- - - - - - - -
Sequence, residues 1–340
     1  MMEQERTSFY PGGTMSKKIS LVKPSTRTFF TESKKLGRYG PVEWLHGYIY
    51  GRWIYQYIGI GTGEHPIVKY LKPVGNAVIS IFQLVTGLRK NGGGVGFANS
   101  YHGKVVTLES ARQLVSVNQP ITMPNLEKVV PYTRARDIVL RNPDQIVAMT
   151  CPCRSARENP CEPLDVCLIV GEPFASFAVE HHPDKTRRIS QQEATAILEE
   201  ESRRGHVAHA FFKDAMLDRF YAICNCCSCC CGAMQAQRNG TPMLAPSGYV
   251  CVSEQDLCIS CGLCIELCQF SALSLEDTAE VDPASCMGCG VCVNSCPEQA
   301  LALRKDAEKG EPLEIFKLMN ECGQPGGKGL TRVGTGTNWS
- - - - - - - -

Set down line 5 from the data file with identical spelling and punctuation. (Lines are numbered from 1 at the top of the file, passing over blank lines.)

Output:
   151  CPCRSARENP CEPLDVCLIV GEPFASFAVE HHPDKTRRIS QQEATAILEE